News / Europe

White House Considers Sanctions on Ukraine as EU Talks Continue

  • Anti-government protesters shout "Glory to the Ukraine" as they man a barricade at Independence Square in Kyiv, Feb. 21, 2014.
  • A fire burns at the barricades on the outskirts of Independence Square in Kyiv, Feb. 21, 2014.
  • An anti-government protester sits and rest on a barricade at Independence Square in Kyiv, Feb. 21, 2014.
  • An anti-government protester stands atop a barricade at Independence Square in Kyiv, Feb. 20, 2014.
  • Activists pay respects to protesters killed in clashes with police, Independence Square, Kyiv, Feb. 20, 2014. 
  • Activists pay respects to anti-government protesters killed in clashes with riot police in Kyiv's Independence Square, Feb. 20, 2014.
  • Anti-government protesters climb a barricade in central Kyiv, Feb. 20, 2014. 
  • Activists reinforce the barricades in Kyiv's Independence Square, Feb. 20, 2014. 
  • Anti-government protesters build barricades around Independence Square during clashes with riot police, Kyiv, Feb. 20, 2014. 
  • An anti-government protester holds a firearm as he mans a barricade on the outskirts of Independence Square, Kyiv, Feb. 20, 2014. 
  • An anti-government protester wounded by firearms is carried to a makeshift clinic in central Kyiv, Ukraine, Feb. 20, 2014. 
  • An anti-government protester prepares to throw a car tire into the flames lit by protesters, Independence Square, Kyiv, Feb. 20, 2014.
President Obama is considering a range of sanctions options in response to mounting violence and deaths in Ukraine. 

The White House Thursday expressed outrage at what it called "images of Ukrainian security forces firing automatic weapons on their own people."

A White House statement called on President Yanukovych to immediately withdraw security forces and respect the right of peaceful protest.  Washington also is urging protesters to express themselves peacefully.  

There are strong indications the Obama administration will announce additional steps, including possible financial sanctions, which the president would impose through executive order.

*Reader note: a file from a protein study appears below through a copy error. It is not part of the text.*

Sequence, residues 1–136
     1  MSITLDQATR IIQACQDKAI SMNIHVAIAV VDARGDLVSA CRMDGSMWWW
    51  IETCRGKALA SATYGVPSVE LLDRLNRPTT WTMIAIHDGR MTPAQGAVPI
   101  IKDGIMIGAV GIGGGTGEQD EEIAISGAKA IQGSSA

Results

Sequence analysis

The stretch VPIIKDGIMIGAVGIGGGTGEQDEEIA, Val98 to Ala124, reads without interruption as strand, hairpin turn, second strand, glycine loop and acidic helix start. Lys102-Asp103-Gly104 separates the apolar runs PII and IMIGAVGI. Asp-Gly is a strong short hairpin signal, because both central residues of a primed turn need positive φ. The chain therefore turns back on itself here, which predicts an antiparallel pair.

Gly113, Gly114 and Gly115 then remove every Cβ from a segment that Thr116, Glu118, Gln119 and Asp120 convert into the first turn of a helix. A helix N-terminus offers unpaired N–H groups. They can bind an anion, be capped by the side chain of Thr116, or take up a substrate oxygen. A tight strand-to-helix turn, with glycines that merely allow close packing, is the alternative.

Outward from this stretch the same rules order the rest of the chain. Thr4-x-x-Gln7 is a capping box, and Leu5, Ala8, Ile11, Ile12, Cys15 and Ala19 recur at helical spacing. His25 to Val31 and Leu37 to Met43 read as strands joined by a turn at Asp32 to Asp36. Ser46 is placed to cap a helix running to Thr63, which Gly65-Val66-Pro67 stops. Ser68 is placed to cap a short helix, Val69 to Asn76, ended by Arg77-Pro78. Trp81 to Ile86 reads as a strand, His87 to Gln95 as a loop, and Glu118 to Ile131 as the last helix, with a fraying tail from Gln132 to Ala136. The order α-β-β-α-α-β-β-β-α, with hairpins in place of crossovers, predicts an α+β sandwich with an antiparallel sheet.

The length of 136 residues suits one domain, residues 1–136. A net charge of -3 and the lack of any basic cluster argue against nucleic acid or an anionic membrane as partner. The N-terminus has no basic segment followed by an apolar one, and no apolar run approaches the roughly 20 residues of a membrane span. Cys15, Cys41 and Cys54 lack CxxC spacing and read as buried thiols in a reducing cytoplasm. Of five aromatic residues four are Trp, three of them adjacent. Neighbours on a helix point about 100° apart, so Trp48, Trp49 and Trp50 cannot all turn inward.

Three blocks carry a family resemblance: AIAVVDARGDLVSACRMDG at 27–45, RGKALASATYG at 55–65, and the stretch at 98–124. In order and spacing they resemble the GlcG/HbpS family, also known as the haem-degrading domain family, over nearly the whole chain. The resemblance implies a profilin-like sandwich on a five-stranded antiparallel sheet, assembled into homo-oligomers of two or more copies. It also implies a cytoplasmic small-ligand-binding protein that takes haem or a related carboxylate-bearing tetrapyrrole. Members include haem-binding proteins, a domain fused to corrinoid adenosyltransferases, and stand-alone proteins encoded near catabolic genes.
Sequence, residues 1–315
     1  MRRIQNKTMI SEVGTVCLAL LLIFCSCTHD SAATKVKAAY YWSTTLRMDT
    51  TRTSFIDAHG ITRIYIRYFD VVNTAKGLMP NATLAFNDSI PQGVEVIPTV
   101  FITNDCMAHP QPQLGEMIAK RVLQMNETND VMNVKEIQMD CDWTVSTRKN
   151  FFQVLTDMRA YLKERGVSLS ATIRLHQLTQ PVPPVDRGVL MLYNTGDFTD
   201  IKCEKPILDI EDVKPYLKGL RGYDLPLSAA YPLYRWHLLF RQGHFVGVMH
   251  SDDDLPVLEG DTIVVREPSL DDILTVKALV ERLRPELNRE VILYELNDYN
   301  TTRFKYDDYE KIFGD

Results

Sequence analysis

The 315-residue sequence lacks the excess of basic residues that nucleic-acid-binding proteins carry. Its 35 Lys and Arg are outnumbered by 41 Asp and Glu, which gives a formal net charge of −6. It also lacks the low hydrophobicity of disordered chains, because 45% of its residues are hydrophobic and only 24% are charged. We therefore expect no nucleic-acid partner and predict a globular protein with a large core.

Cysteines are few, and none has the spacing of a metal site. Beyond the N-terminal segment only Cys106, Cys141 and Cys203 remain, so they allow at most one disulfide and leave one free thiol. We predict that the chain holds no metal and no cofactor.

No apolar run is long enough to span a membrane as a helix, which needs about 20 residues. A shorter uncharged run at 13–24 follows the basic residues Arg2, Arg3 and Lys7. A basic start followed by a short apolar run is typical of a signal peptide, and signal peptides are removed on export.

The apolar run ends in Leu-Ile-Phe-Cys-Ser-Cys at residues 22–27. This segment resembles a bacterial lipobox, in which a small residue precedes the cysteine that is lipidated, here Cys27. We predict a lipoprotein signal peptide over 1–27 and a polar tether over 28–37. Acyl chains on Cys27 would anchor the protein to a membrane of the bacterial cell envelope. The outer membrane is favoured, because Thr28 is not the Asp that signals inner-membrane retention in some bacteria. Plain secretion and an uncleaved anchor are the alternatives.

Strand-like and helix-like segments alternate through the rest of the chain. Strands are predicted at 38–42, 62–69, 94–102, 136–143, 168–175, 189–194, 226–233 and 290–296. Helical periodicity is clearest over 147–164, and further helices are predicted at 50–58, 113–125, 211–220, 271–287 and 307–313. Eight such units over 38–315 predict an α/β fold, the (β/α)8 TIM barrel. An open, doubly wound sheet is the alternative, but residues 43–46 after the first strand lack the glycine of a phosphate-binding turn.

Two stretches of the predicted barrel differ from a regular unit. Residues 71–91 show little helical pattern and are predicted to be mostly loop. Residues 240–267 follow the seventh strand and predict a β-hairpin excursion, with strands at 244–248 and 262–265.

WATCH: Related video from VOA's Zlatica Hoke
Western Leaders Blame Ukraine Government for Violencei
X
February 21, 2014 2:39 AM
The United States and the European Union have agreed to impose sanctions on the Ukrainian government officials considered to be responsible for the excessive use of force against anti-government demonstrations. Clashes between police and protesters in Ukraine's capital have continued despite a truce aimed at preventing further bloodshed. Some analysts say sanctions may not have a serious impact on the Russian-supported government. Zlatica Hoke reports.

This would be on top of visa restrictions announced on Wednesday targeting 20 Ukrainian government officials.

Deputy press secretary Josh Earnest said the latest violence in Ukraine added a sense of urgency.

"Making a decision about sanctions, it can't just be knee-jerk action.  It is important for us to consider the range of consequences that could ensue from applying sanctions.  But again, there is a sense of urgency that is being felt because of the terrible violence we saw overnight," said Earnest.

Obama discussed the situation in Ukraine with German Chancellor Angela Merkel.  They agreed, according to a statement, that it is critical for the United States, Germany and EU to stay in close touch on steps to support an end to the violence and a political solution.

Earnest indicated Obama would be having conversations with other world leaders "with a vested interest in peace and stability in Ukraine."  He said the U.S. and Russia share a common interest in this.  So far, Obama has not called Russian President Vladimir Putin to discuss the situation.

EU Efforts Continue

Three foreign ministers from the EU are in talks again with President Viktor Yanukovych on finding a way out of Ukraine's crisis.

France's Foreign Minister Laurent Fabius described the talks in Kyiv as "very difficult."

Fabius, along with the foreign ministers of Germany and Poland, arrived in the Ukrainian capital earlier on February 20 for talks with both the opposition and government.

After meeting with opposition leaders, Polish Foreign Minister Radoslaw Sikorski said progress was being made on a proposed road map to ease the crisis, which diplomats say would include forming a temporary government.

Ukrainian opposition members celebrate during the voting in parliament in Kyiv, Feb. 20, 2014.Ukrainian opposition members celebrate during the voting in parliament in Kyiv, Feb. 20, 2014.
x
Ukrainian opposition members celebrate during the voting in parliament in Kyiv, Feb. 20, 2014.
Ukrainian opposition members celebrate during the voting in parliament in Kyiv, Feb. 20, 2014.
Late Thursday  Ukraine parliament voted for all Interior Ministry forces to withdraw from Independence Square return to their bases but there was no indication of when the measure would take effect because it would have to be implemented by the president's office and the Interior Ministry. 

​The EU foreign ministers will continue negotiations on Friday.

The European Union announced sanctions, including visa bans, asset freezes and restrictions on the export of anti-riot equipment, aimed at those who ordered or were involved in orchestrating violence.

Russia has criticized the European and U.S. moves, calling them “blackmail.”

Mounting casualties

The call came amid reports that dozens of people were killed in a new escalation of clashes between anti-government protesters and security forces in central Kyiv on Thursday.